'The Tango War' uncovers the shadow war pursued in Latin America during WWII
As World War II dawned, the US and Europe nervously watched a continent rich in resources and also riddled with pockets of Nazi sympathies.
As World War II begins, Americans peer nervously at potential enemies across the oceans. They don't realize that President Franklin Roosevelt and his administration are fretting over a dire threat looming from another direction entirely – the south.
As FDR well knows, Latin America is fertile soil for fascists in general and Nazis in particular. Dictators dominate politics, a long history of American aggression curdles friendliness toward the north, and large German communities – 1 million in Brazil alone – wear swastikas in the streets.
At the same time, Latin America is brimming with crucial wartime resources like oil, rubber, and manpower that could be the key to victory.
To keep Hitler at bay, the Western powers test limits in nations from Mexico to Cuba to Chile. They spy and cajole, they kidnap and kill, they test strategies that echo darkly through the decades to our own time.
Journalist Mary Jo McConahay uncovers this fascinating story in her comprehensive, colorful, and often-troubling new book The Tango War: The Struggle for the Hearts, Minds and Riches of Latin America During World War II.
In McConahay's telling, wartime Latin America is a hotbed of skullduggery, violence, and cinematic propaganda straight out of Hollywood. "Each side closely shadowed the steps of the other, like dancers in a tango," she writes.
Round and round they go. On one side are Germany, Italy, and Japan, which have long been making inroads into Latin America. Indeed, "Tango War" begins with a remarkable imagined scene of women in a southern Brazilian planning a Nazi film night while men prepare to proudly march on Hitler's birthday.
On the other side, Great Britain is stung by an overwhelming Germany war machine that's largely powered by Mexican oil. Fortunately for the Allies, the British are masters at espionage, unlike the shockingly unprepared Americans.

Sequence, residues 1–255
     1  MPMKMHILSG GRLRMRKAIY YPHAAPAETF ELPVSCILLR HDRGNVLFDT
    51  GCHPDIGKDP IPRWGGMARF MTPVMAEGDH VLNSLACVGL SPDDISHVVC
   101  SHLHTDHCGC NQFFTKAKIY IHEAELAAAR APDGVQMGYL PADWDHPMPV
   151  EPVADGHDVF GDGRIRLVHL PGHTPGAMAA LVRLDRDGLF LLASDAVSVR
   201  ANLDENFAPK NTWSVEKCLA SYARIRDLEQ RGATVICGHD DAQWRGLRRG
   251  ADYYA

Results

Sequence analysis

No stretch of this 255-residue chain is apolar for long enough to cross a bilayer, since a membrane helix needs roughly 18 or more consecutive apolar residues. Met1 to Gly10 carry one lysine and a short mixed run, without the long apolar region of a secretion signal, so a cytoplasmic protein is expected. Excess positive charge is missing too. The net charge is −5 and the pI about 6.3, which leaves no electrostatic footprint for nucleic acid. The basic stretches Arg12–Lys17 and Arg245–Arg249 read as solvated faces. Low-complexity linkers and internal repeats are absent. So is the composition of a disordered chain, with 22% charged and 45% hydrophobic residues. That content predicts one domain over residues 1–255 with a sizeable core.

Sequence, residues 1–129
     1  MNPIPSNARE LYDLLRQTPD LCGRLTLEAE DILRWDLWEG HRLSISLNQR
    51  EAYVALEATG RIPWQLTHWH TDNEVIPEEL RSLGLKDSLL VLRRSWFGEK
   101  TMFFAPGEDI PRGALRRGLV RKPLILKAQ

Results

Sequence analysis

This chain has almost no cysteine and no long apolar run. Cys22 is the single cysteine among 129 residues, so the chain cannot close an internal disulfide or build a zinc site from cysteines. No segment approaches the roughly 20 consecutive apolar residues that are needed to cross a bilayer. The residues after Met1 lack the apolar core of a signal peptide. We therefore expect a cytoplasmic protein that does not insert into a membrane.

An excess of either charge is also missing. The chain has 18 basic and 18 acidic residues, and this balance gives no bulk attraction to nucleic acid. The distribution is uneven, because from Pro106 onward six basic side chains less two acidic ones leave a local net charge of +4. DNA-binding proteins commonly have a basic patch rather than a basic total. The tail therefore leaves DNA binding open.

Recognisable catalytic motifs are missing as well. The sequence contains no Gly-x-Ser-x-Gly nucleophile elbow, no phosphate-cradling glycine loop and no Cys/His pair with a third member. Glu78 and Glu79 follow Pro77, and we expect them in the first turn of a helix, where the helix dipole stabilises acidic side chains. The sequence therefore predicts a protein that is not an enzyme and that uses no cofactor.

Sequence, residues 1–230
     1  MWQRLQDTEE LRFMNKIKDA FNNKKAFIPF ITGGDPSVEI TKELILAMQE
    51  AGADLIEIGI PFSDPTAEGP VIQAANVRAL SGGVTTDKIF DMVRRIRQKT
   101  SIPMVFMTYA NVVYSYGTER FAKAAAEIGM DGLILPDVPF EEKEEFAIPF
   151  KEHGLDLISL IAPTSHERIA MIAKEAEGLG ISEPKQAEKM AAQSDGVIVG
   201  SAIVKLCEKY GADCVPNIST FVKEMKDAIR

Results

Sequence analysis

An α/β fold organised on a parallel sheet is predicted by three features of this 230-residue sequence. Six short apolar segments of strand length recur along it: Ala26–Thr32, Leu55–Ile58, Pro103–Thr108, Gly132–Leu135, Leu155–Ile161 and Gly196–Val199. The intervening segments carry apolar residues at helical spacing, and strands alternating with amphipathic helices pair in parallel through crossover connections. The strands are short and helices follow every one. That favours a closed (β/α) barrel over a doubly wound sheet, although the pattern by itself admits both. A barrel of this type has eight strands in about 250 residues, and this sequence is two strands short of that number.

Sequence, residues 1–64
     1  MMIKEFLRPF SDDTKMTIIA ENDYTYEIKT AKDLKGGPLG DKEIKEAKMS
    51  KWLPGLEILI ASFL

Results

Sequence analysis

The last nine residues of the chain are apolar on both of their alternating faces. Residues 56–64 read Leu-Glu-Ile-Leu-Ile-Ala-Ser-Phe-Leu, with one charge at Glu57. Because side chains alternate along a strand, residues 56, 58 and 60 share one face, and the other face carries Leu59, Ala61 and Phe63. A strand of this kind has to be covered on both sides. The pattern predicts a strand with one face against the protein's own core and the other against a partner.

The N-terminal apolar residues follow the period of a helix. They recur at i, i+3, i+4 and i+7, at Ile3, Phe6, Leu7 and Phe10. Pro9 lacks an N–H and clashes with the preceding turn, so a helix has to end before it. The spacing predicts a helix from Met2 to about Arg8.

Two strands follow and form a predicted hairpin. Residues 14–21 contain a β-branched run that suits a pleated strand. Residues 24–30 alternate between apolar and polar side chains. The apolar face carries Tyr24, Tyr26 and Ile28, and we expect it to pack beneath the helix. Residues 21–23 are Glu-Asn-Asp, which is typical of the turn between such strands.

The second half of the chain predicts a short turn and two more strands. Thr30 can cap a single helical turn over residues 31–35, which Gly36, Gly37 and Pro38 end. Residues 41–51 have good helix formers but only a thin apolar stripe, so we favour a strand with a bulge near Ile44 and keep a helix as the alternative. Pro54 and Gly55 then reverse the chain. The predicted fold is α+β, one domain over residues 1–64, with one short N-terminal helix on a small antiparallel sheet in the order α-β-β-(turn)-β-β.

In one of the book's many remarkable passages, British spies derail an Italian bid to build on Axis control of air service in South America. They forge a letter from airline brass and convince the Brazilian president that he's facing a coup, and perhaps even worse, mockery from Italians calling him a "fat little man."
He promptly orders the Italian flight crews out of the country, a move that helps to scuttle Axis control of the air across Latin America. This brilliant subterfuge reveals that there's more to effective spycraft than James Bond-style violence, gadgets, and sexual intrigue. A masterful forgery and an insult to vanity can get the job done too, no bloodshed or bikinis required.
Even better, the Americans play an unwitting role in the whole affair and take credit for themselves. Deliciously, the Brits send along congratulations for a job well done.
As for the US, American officials must disentangle themselves from their infamous regional history of putting corporations first and locals last, especially in oil-rich Mexico. This, to say the least, requires tremendous finesse.
"Tango War" is especially captivating when it profiles people in crisis – conflicted Latin American leaders, the crew of a trapped German ship, and a propaganda maestro named Orson Welles who lives to regret his eventful foray south.
There are heroes here too. Bolivia and the tiny nation of Dominican Republic welcome refugee Jews, unlike so many other nations around the world. And 25,000 Brazilians head to Europe to fight for the Allies.
McConahay, a veteran Latin America correspondent, also focuses on compelling characters whose ordinary lives are transformed. Modern-day interviews capture the lasting legacies of the shadow war and, most disturbingly, expose the cruelty of an American-led practice that we'd now call extraordinary rendition.
As Japanese people on the American West Coast are rounded up and sent to internment camps, Peru allows the kidnapping of about 1,800 ethnic Japanese residents. One man tells McConahay about watching his Japanese schoolmates and their families suddenly vanish in Peru, while two brothers recall hiding with their family until FBI agents order them to board a US Army ship with only a single trunk between them.
Along with Japanese from other Latin American countries, they're sent to camps in the US and sometimes traded to Japan for Americans interned there. Many never return home.
This mass kidnapping is supposedly for safety's sake, but bigotry is at play too. And it could have been worse. Amazingly, the American secretary of state floats the prospect of "virtually cleansing the continent" of Japanese people.
McConahay notes that this story is often ignored in Peru and barely known in the outside world. "Those who remember portray a dark and complex moment," she writes, one that raises questions about "U.S. allegiance to its own principles."
The deep rifts exposed by the war don't vanish with Allied victory in 1945. McConahay vividly examines the post-war era when Catholic leaders help Nazi war criminals survive by stashing them in South America.
Now, more than 70 years later, the focus is on another Latin American tango, this one between the behemoth US to the north and the many nations to the south. As we look forward, McConahay's book gives us insight into the region's intricacies and the disastrous dance moves that belong in the past.